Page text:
The pre-draft workout process can be an exhausting journey for players, with so many flights, hotel rooms and NBA arenas that they can all blend in together. Michigan big man Moritz Wagner, though, may have felt a sense of comfort in Washington for his pre-draft workout for the Wizards on Wednesday.

It was just over a year ago that his Michigan Wolverines cut down the nets at Capital One Arena as champions of the Big Ten conference.

"It was good memories, man. Never gets old," he said while glancing around the stadium.

Wagner, 21, will be seeing a lot more of Capital One Arena once he joins the NBA ranks and it is conceivable he ends up in Washington. They hold the 15th pick in the first round and the 44th pick in the second round and Wagner could be within their reach.

Wagner had an impressive workout in Washington and could provide what the Wizards need. He is a big, mobile and can spread the floor. Wagner was terrific at stepping out to hit threes off pick-and-rolls at Michigan and that ability would work well with Wizards All-Star point guard John Wall.

Wagner measured in at just under 7-feet at this month's NBA Combine, fifth-tallest among those who attended. He averaged 14.6 points as a junior this past season and made 39.4 percent of his threes on 4.1 attempts per game.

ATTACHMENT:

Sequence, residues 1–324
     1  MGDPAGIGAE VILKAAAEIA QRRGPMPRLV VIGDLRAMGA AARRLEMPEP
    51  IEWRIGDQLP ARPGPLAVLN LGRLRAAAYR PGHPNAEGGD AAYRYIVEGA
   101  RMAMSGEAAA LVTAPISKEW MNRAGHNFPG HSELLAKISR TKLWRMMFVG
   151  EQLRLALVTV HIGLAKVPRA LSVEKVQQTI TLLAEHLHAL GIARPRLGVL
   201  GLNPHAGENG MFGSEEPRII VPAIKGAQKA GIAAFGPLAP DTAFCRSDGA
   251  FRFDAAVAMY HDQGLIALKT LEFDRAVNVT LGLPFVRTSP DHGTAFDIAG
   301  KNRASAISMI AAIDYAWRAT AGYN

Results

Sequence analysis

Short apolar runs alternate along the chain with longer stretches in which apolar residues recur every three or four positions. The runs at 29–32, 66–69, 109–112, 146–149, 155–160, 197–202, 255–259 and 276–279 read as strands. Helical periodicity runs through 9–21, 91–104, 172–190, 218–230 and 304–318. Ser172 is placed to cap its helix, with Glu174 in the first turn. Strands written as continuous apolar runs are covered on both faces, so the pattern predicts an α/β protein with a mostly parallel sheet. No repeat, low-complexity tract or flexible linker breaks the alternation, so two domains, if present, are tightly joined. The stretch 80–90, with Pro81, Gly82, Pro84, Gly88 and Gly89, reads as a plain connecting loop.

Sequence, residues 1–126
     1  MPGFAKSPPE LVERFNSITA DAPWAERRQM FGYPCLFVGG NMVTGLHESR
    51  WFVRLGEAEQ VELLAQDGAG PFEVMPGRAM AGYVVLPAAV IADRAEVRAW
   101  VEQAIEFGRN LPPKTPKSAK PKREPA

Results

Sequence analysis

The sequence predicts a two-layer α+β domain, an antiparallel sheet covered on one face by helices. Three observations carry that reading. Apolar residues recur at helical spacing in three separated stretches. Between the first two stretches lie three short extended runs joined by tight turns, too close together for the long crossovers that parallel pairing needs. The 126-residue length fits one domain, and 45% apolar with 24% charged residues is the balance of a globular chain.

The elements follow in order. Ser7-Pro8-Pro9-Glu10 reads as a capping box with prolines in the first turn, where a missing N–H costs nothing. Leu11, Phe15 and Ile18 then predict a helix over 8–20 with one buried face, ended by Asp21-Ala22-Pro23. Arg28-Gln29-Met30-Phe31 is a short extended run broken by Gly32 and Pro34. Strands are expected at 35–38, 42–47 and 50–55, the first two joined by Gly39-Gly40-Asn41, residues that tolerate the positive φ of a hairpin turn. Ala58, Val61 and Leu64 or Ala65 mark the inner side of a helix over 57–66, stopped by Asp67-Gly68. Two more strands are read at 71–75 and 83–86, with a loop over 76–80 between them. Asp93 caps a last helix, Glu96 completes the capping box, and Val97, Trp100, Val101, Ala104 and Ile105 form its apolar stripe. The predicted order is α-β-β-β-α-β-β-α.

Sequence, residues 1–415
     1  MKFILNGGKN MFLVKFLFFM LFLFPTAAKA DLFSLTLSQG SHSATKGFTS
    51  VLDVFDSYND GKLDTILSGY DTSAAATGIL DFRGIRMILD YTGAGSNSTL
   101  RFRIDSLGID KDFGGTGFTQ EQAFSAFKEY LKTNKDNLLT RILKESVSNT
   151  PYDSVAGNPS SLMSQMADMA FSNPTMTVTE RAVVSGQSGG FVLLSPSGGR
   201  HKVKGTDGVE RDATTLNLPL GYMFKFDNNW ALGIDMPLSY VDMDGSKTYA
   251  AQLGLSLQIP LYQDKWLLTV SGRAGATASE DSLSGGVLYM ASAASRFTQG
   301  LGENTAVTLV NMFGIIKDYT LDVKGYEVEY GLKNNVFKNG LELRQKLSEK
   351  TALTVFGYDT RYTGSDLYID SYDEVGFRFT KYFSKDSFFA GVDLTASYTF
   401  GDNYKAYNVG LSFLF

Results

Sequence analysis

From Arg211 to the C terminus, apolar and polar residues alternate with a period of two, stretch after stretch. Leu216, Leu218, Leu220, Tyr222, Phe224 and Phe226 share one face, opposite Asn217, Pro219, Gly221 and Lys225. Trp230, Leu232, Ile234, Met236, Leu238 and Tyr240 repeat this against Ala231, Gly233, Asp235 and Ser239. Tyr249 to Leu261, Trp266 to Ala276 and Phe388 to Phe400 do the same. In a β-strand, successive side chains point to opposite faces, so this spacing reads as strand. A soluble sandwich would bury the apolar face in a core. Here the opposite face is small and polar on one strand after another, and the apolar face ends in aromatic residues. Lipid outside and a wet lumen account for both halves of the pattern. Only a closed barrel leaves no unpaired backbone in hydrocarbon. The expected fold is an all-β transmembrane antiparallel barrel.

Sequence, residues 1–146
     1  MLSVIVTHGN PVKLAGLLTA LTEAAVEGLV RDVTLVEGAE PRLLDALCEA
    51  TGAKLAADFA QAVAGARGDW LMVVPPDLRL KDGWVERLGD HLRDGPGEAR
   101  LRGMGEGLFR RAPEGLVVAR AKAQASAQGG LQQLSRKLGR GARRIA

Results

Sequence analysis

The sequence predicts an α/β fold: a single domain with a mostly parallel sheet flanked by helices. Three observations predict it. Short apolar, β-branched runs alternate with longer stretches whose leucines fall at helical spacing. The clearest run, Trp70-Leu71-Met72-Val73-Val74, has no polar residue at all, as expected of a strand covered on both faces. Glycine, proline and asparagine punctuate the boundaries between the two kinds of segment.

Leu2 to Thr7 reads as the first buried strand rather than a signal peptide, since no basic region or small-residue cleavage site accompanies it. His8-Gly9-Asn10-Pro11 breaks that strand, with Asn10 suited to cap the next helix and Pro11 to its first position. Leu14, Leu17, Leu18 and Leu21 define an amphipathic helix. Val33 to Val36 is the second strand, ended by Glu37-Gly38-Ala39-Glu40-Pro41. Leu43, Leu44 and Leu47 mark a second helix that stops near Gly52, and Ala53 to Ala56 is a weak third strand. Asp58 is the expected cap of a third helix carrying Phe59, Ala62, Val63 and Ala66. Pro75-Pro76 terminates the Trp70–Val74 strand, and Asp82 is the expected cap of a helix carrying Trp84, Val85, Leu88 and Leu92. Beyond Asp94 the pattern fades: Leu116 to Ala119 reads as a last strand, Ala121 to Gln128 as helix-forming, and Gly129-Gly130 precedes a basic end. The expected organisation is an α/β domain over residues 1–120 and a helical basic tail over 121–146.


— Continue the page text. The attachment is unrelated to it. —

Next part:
With three years of college experience and an NBA-ready jumper, Wagner believes he can step right in and help the Wizards.

"I think what we did at Michigan, sharing the ball and playing as a team, very organized basketball, that can help big-time," he said. "It's basically pro basketball I was playing on a different level."

As Wagner will tell you, he is very confident in his abilities. He is comfortable in his own skin and that includes openly discussing his faults. He feels good about his ability to score at the next level. Defense is where he needs to prove himself.

Despite his size, Wagner wasn't much of a rim protector in college. He averaged just a half-block a game as a junior. The Wizards need rim protection badly and he likely would not provide that.

Wagner, though, believes he can bring more to the table defensively than the numbers would suggest.

"I think I've been an offensive guy all of my life, but the more that you mature as a player, you understand that both sides are important. Without defense, you aren't going to play at any level," he said.

"I think the most important thing that I wasn't able to show in college is that I'm able to switch the ball-screen, especially with the way the league is going. Switch on everything and stay in front of guards as a big guy."

Wagner is from Germany and looks up to Mavs legend Dirk Nowitzki, who is entering his 21st season and will be in the Hall of Fame someday. Nowitzki's game has always been built around shooting and, though he developed into a decent shot-blocker in his prime, was never an elite rim protector.

Wagner hopes to follow in his footsteps playing a similar style.

"He was my MJ. He kind of shows you 'okay, this is possible and this is doable.' It's just basketball," Wagner said. "It gives you a lot of hope. It gives you a lot of belief and motivation."

Hear more from Wagner in his one-on-one interview with Chris Miller in our latest Wizards Tipoff podcast. His interview can also be found in the video above: